I have had the regular privilege of being a guest on “Life Questions with Pastor Michael” a radio show that a friend of mine, Michael Bannon produces. It is a show where he talks about spiritual questions ordinary folks might have. I that find interesting. I want a faith grounded in real life so I like to try to answer questions real people are asking. A recent question was from a person who asked if it was permissible for a person to be angry with God. It was an interesting discussion.
Michael asked, “Do we have the right to be angry with God?” I was not sure that was the question that helped me get at the root of the issue. I believe that at times we are all angry with God whether we have the right or not. The Bible contains a number of stories of people who were angry with God. David clearly was angry with God when Uzzah (2 Samuel 6:6-8) was struck dead for touching the Ark of the Covenant. Jeremiah accused God of deceiving him! (Jeremiah 20:7) Moses tried to get God to change His mind! (Exodus 32:11-14) Jonah pouted when God chose to forgive the Ninevites saying, “I knew that’s just what You’d do!” (Jonah 4:1-10) Those are just four instances of some highly prominent characters in the Bible who have expressed frustration with God.
Whether or not we have a ‘right’ to be angry, sometimes just like Bible characters we are. What do we do then? How do we handle the strain between us and our God? Certainly Job’s story points out that wrestling with God is not a winnable contest and Jacob reminds us that when we try we may just end up with a limp for the rest of our days.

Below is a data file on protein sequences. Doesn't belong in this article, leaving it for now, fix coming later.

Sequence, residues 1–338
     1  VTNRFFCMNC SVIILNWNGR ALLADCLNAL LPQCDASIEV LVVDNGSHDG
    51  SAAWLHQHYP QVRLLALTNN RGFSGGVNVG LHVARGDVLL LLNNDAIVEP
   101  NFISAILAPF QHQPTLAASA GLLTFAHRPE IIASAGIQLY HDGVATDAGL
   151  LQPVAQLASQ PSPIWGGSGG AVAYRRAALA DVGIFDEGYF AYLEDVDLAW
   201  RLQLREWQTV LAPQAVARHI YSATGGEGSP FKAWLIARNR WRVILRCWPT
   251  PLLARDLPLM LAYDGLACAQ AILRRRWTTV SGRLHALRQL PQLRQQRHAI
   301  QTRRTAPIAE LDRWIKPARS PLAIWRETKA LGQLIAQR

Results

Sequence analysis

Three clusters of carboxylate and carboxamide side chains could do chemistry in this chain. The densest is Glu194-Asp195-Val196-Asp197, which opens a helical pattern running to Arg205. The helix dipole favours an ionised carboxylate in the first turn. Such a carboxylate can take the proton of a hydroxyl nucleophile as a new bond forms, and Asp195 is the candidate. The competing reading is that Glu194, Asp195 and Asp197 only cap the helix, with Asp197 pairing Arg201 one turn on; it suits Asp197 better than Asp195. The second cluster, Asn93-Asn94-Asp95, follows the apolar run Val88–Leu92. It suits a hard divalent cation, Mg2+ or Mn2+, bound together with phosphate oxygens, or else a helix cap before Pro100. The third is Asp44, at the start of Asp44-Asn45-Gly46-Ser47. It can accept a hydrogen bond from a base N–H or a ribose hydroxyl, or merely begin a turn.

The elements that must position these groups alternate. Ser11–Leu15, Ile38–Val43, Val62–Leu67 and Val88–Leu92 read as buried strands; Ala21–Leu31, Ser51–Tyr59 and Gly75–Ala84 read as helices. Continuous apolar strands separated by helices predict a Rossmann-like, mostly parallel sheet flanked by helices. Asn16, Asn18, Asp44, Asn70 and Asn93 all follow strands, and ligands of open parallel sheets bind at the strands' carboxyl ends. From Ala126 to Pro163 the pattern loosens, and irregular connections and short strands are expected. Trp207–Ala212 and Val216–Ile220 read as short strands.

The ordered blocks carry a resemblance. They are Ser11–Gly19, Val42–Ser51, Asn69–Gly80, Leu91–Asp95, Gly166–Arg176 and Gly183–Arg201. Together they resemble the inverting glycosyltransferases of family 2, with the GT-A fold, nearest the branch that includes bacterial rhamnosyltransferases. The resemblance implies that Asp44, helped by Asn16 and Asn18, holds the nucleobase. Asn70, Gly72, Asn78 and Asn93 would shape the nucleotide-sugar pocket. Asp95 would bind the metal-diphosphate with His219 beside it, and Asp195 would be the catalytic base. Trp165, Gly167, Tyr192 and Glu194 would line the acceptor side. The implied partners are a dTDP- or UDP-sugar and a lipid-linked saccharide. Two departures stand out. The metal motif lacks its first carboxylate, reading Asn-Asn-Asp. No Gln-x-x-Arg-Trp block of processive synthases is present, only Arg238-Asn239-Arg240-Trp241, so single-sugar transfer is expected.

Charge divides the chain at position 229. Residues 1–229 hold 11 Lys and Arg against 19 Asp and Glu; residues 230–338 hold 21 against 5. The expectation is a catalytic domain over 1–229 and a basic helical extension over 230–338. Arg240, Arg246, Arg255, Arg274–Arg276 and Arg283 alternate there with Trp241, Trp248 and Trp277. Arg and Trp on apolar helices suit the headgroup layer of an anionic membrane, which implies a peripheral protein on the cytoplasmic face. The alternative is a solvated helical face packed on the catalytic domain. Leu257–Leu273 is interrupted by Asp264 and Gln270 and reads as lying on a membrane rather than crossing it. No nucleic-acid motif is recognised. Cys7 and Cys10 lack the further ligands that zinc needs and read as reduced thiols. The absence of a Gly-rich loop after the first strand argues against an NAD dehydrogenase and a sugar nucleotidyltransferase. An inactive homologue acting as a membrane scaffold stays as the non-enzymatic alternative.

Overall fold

What makes us angry with God? During a break on the radio show, one of the other guests said, “Actually when we’re angry with God we’re often acting like children because we didn’t get what we wanted.” I think there is a lot of insight in that statement. We get angry (we might say “frustrated”) when what we think we are working toward or what we want is thwarted. I imagine that David was wrapped up in getting the Ark to Jerusalem. It didn’t occur to him that God wanted it carried on the shoulders of the priests, not on the top of an ox-cart. Jonah was angry God did not destroy the Ninevites instead of forgiving them.
I find it encouraging that the Bible indicates God can handle our anger. One of the things I notice over and over in the Bible is when it speaks about people’s anger with God, it also tells us about how they stay in communication with God. When David is angry, he still goes about worshipping God. After Jeremiah vents, he turns to worship. Jonah continues in communication. That is how their anger is resolved.
Too often I believe we have the tendency to walk away from God when we are angry. We can stop worshipping, avoid fellowship of believers, and choose to stew in our anger or pain. That is a recipe for disaster! If we stay in connection with God and remind Him (and ourselves) of our need to worship Him while admitting our pain and disillusionment, it allows us to learn and continue in God’s presence. I believe that presence is healing and instructive. David learned more about God, Jeremiah decided doing God’s will was worth the pain, Jonah learned to love or at least care for the residents of Nineveh while Moses kept on leading God’s people.
I think God acknowledges that we can angry—even with Him! What He looks for is our willingness to stay in relationship. That is where the solution is found!
People who are mad with god do believe in god as opposed to those who walk away not believing in him. Faith will restore love and a better understanding